After Further Review: Ko, good ol' days, Riviera's 10th


Each week, takes a look back at the week in golf. In this edition of After Further Review, our writers weigh in on a mature and precocious 17-year-old Lydia Ko, how golf was in the good ol' days and the par-4 10th at Riviera Country Club that gave players more than a few headaches this week.

Lydia Ko’s reign at No. 1 in the Rolex Women’s World Rankings as a 17-year-old is even more impressive when you consider the nature of today’s competition. With her victory Sunday at the Women’s Australian Open, Ko pads her lead on Inbee Park, who in 2013 became the first woman in six decades to win the first three majors of the season. Park has won four majors over the last two years. Ko is also pulling away from Stacy Lewis, who swept the LPGA’s major awards last season, becoming the first American in two decades to win the Rolex Player of the Year Award, Vare Trophy and LPGA money title in the same season. With Michelle Wie finding top form last year, with Lexi Thompson winning her first major, with Suzann Pettersen always a factor and with a strong, new wave of rookies hitting the tour, Ko towers above them all in the world rankings. The throne she occupies is a special seat with so many terrific players in good form today in the women’s game. - Randall Mell

Things were much simpler back in the good ol’ days.

That’s what they say, at least – and that’s what some of the game’s greats were saying once again this week. Jack Nicklaus insisted that Tiger Woods just needs to figure out his short game on his own; Johnny Miller pointed out that pitching the ball isn’t so hard, just take it back and brush the grass; Lee Trevino maintained that Phil Mickelson should have played better golf or stayed quiet at the Ryder Cup.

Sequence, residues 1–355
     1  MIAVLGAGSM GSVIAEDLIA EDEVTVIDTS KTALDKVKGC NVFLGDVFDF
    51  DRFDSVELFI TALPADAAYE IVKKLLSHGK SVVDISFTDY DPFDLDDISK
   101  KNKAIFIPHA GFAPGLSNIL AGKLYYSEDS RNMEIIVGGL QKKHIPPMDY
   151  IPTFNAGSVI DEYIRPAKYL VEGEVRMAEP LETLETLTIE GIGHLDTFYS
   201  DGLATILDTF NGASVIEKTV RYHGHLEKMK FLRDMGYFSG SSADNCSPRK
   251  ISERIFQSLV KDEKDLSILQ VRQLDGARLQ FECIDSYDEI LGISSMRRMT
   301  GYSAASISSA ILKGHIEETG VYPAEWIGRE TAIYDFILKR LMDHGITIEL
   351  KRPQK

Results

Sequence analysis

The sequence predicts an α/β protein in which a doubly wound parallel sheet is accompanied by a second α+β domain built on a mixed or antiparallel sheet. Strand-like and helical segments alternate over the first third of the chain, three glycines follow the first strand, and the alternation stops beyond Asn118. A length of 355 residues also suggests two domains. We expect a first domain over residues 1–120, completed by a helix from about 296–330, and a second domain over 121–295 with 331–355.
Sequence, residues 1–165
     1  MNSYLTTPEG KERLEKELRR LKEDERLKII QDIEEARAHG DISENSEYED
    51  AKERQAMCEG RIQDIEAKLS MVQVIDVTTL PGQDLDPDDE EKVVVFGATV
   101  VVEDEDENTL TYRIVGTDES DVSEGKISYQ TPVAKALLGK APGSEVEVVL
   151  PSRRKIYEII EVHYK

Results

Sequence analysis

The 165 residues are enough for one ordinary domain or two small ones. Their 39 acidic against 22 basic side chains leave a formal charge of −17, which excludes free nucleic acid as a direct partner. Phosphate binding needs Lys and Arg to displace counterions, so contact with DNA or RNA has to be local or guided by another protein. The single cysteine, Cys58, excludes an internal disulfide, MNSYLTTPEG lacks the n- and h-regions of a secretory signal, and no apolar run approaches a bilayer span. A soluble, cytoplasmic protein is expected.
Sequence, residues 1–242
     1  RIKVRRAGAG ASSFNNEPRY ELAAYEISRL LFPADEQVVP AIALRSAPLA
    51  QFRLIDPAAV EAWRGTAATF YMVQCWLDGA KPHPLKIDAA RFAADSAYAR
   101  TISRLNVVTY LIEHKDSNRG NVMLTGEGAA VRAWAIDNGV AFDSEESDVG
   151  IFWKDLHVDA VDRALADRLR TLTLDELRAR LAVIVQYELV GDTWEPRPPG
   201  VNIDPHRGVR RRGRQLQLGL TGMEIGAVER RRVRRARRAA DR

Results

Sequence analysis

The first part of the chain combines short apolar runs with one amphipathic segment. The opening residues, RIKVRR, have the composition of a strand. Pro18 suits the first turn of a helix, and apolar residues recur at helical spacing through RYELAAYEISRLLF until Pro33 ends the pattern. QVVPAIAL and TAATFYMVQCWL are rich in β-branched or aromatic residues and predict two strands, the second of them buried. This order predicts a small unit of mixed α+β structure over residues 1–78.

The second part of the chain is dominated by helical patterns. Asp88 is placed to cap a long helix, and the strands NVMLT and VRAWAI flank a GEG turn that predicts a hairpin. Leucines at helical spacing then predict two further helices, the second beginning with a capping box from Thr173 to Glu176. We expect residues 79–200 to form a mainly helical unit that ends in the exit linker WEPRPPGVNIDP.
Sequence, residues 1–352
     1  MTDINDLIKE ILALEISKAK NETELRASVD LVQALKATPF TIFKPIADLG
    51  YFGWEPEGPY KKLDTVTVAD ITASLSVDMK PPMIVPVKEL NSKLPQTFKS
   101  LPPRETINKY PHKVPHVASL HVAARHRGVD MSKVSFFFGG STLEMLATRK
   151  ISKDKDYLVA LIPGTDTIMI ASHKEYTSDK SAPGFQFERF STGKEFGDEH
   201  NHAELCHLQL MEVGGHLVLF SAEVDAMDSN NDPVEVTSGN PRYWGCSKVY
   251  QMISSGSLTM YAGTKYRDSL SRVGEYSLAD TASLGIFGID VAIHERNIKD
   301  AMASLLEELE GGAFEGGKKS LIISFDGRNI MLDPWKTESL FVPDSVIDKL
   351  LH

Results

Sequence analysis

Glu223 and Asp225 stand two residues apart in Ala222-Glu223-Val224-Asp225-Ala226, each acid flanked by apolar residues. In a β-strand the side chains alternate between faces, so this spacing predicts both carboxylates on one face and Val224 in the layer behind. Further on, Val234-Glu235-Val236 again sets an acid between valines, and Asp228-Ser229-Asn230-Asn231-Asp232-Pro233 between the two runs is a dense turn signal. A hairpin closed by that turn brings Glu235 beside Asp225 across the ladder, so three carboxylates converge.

Maybe they’re all right. Maybe certain aspects of the game really are just that simple and some of today’s biggest names are overcomplicating things.

Or maybe things just aren’t as simple now as they were back in the good ol’ days. - Jason Sobel

Everyone loves a good train wreck, but Riviera’s 10th hole has gone from one of the best par 4s in the world to a carnival act. It’s not every year that the L.A. gem plays so firm and fast, but a few tweaks are long overdue, starting at the green, which is in dire need of reshaping and re-contouring. 

The best holes in golf reward good shots. The 10th seems to reward good luck. The best players in the world aren’t holding the green on a well-struck 80-yard wedge shot, or a deft splash from the bunker. They’re embarrassed while hitting what should be a straightforward chip shot from short of the green. They’re reduced to playing croquet around the hole. Riviera’s 10th has long been regarded as the greatest 315-yard hole on Tour. Now, more than anything, it’s gimmicky. – Ryan Lavner